4 Things to Know Before Creating a Special Needs Trust

millman law group special needs trust

A special needs trust can help you provide for family members without disqualifying them from benefits.

Raising children with special needs can be challenging, and one of the ways you may find yourself challenged is by caring for them after your death. One way to ease your anxieties is to create a special needs trust. This trust will act as a savings account for your child that gives you a place to store funds for their future when you cannot care for them. Special needs trusts help families navigate the rules and restrictions that come with special needs benefits and care and can be highly beneficial. Before creating a trust with The Millman Law Group, make sure you consider the following five factors.

What Goes Into a Special Needs Trust? 

You can essentially keep savings in this trust. You can add any money you wish to leave to your child after your death. The crucial benefit of these trusts is that they protect your child’s inheritance from disqualifying them from SSI or Medicaid eligibility. 

Appointing a Trustee

As with any trust, you will need to appoint a trustee to take care of the assets after you pass away. You can select a trusted family member or friend. 

Special needs trusts are beneficial because they allow you to essentially make your child a beneficiary of your estate. This workaround is necessary because if your child’s assets are worth more than $2,000, they may get disqualified for essential federal benefits. 

Consider a First-Party Trust 

There are two types of special needs trusts, one of which is “first-party.” In this trust, the primary funding source is the beneficiary’s assets. If your child receives a large chunk of money, they will likely lose their benefits. However, if their money is kept in a trust, it will not be considered an asset or income. This means it will not interfere with your child’s federal benefits.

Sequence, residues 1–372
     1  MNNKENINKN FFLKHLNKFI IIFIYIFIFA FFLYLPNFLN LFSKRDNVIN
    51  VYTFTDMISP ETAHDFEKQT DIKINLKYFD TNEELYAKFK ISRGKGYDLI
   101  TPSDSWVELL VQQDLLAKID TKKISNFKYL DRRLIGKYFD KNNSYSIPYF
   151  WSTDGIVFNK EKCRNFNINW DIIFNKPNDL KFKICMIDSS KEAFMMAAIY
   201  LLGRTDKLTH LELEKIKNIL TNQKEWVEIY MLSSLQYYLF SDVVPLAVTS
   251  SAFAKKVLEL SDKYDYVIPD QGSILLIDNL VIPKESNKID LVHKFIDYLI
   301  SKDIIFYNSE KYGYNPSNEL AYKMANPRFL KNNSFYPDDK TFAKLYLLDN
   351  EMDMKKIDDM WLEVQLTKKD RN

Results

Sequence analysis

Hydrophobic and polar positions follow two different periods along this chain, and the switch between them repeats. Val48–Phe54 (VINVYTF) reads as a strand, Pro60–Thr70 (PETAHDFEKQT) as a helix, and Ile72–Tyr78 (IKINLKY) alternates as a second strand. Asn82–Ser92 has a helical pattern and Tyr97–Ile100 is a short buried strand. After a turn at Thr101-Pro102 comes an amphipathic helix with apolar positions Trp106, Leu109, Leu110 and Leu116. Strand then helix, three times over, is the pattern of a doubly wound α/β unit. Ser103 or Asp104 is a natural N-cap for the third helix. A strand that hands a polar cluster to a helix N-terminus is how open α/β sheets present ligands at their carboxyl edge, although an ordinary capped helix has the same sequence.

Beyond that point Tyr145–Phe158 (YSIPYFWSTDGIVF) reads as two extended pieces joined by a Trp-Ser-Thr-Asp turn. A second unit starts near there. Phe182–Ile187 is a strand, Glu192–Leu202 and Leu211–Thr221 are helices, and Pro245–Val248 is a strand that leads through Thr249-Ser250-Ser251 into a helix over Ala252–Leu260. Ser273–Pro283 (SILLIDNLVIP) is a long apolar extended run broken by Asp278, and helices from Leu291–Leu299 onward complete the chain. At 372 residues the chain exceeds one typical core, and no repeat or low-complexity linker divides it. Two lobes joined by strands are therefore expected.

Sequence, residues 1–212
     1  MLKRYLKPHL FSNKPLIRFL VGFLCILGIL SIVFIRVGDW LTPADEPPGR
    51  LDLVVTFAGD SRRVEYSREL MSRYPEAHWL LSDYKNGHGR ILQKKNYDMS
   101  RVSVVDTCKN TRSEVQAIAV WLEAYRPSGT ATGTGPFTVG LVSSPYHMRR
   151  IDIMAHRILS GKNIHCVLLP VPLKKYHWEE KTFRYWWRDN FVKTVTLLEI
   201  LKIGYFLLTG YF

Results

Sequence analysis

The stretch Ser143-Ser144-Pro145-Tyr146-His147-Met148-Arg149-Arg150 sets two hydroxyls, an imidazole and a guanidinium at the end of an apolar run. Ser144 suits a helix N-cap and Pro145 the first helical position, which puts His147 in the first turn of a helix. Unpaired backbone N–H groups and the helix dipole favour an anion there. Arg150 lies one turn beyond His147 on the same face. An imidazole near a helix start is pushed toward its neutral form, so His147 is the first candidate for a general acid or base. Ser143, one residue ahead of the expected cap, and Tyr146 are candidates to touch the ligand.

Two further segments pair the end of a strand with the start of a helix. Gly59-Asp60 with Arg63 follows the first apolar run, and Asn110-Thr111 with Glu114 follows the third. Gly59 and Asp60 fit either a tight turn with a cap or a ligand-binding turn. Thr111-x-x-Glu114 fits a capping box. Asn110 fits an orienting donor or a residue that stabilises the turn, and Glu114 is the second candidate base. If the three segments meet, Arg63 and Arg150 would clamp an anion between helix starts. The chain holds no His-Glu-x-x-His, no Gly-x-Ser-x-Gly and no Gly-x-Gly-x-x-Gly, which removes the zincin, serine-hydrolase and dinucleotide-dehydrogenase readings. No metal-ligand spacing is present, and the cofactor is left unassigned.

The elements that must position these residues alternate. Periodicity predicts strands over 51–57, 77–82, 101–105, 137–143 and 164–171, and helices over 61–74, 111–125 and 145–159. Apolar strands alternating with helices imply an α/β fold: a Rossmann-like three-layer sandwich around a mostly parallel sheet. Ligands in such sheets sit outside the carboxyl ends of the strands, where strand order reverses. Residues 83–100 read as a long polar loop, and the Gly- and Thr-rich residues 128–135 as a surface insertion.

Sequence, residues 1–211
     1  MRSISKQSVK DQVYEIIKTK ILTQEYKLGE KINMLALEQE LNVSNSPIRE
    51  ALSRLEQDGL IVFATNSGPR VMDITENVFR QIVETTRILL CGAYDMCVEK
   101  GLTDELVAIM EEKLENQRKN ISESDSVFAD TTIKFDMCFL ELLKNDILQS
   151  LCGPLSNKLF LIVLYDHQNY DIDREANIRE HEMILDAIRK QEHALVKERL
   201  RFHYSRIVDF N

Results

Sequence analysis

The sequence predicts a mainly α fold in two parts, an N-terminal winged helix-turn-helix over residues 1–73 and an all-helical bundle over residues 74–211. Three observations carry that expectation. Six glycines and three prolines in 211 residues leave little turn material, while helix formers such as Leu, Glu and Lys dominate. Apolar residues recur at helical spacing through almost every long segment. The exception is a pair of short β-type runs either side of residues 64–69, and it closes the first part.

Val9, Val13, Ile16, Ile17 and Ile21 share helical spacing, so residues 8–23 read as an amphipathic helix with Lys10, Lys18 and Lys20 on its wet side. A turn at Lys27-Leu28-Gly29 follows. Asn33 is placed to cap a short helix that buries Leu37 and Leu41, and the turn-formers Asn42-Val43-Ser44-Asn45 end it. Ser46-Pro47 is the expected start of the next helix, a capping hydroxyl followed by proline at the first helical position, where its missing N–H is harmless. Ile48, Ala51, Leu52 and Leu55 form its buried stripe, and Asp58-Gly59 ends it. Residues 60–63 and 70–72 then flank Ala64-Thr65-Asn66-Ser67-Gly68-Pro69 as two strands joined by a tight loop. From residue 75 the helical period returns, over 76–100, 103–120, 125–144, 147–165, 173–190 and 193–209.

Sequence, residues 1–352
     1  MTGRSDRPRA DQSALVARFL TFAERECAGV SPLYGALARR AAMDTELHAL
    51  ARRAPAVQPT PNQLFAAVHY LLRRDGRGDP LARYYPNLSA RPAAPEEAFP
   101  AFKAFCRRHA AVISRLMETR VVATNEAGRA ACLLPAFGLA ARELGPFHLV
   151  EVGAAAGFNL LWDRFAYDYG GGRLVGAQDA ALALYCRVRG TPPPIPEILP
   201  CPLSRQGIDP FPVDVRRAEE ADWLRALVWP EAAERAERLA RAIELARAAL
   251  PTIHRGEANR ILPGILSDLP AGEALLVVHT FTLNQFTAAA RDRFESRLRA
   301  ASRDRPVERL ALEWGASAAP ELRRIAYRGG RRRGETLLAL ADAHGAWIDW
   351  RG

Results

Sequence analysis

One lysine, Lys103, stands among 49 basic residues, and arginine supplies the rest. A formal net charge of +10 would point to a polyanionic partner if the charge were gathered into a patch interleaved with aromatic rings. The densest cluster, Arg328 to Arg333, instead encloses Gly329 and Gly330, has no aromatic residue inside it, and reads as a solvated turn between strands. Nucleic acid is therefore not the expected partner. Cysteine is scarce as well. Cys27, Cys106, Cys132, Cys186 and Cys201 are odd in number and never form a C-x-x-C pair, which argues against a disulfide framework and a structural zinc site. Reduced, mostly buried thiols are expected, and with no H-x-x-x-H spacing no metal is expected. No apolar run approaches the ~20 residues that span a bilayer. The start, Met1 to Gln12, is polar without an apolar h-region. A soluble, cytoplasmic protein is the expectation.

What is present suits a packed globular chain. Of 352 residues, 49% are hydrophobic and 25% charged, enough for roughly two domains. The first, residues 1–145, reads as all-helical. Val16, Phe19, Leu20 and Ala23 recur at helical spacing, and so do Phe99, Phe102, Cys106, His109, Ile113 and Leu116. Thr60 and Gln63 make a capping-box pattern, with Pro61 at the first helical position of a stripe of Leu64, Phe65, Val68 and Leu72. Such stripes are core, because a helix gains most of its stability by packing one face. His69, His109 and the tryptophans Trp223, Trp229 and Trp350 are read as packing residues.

Parents, guardians, and courts can create a first-party stand-alone trust. An attorney must draft the trust, and the court must approve it. After that, the trustee manages the trust. 

Consider a Third-Party Trust

The other primary type of special needs trust is a “third-party.” Anyone, apart from your child, can create a third-party trust for them. The trust will be in the name of the third party who owns the funds. Creditors cannot touch this trust, and friends and family members can freely contribute. 

Estate Planning Made Easy With Millman Law Group

Millman Law Group, PLLC is rare because it’s one of the only law firms that offer life planning in South Florida. From life care planning to the preparation of detailed estate plans, Millman Law Group has committed to serving Floridian elderly communities in Boca Raton, Palm Beach County, Ocean Ridge, Hillsboro Beach, and many other areas since 2018. Our dedicated team also specializes in special needs trusts and catering to any age demographic because we know for certain it’s never too early to start preparing you and your family for your future. For the latest news in estate planning and elder care law, follow us on Facebook, Twitter, Linked In, and Pinterest. You can also contact us at 561-463-6480.